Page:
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Rising interest rates weigh down real estate funds

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By The Associated Press
Sunday, Dec. 1, 2013, 12:01 a.m.
 

One look at the lackluster gains of real estate mutual funds this year might give the impression that commercial property owners are struggling through a relapse of their post-financial crisis woes.

But demand for office, retail and other commercial real estate has been steadily improving along with the economy, boosting occupancy and rental rates for many owners. And many economists project more of the same next year.

Even so, a surge in interest rates this summer and concern they could increase further next year have spooked investors, dampening the funds' returns. Real estate sector equity funds have delivered an average total return of 1.93 percent so far this year, trailing only precious metals equity funds, according to Morningstar.

The funds, which are often composed of real estate investment trusts holding commercial properties, are still up an average of nearly 6.1 percent from a year ago and have delivered an annualized return of 19.3 percent during the past five years.

Still, the slide in real estate funds represents a buying opportunity for investors who think that the market has factored in a further rise in interest rates.

“REITs are finally looking fairly valued,” said Abby Woodham, fund analyst at Morningstar. “They could, of course, go down further, but the valuation is much more attractive now than it has been for quite some time, so it's not all doom and gloom.”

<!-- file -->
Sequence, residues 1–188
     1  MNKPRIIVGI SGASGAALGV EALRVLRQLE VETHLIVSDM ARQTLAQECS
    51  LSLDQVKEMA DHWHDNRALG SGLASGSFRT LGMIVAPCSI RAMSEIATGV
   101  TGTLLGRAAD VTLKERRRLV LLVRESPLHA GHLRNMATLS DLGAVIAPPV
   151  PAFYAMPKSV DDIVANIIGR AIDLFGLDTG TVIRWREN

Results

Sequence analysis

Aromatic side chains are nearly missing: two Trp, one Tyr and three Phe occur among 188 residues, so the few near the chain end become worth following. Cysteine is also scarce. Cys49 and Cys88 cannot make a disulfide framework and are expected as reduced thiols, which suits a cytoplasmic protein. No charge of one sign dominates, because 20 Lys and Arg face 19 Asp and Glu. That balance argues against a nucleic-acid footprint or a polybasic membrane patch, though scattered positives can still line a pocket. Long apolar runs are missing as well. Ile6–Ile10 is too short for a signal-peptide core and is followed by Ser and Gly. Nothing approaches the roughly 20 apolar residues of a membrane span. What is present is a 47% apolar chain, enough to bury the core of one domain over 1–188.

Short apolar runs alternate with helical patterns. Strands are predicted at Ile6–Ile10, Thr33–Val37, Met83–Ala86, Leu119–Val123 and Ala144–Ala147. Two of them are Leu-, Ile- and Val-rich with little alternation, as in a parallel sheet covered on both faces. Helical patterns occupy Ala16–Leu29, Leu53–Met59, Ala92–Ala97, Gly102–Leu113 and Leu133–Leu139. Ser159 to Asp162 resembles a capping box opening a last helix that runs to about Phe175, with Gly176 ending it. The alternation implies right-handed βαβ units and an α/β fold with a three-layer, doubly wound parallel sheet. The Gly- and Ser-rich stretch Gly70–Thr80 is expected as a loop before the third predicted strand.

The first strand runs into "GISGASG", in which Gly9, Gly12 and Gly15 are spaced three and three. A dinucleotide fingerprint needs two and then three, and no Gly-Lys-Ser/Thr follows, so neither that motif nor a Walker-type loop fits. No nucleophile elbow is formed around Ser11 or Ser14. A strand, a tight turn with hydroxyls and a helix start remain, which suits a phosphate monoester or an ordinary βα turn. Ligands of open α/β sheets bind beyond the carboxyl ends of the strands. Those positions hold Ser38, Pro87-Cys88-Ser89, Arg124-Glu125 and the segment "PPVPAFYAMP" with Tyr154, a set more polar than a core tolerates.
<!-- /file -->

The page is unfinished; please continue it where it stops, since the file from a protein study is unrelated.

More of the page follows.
What remains to be seen is how the market weighs the positive growth trends in commercial real estate against the risk of interest rates rising further.

Interest rates began rising in May on speculation that the Federal Reserve was preparing to pull back on its economic stimulus, which includes $85 billion in monthly bond purchases to keep interest rates low. The yield on the 10-year Treasury note rose from 1.63 percent at the start of May to nearly 3 percent by early September.

But the central bank surprised investors in mid-September when it said that it wanted to see more evidence of improvement in the economy, and it decided to maintain its bond purchases. The central bank meets again in December, but most economists don't expect any changes in the bond program until March. The yield on the 10-year Treasury ended trading at 2.75 percent on Friday.

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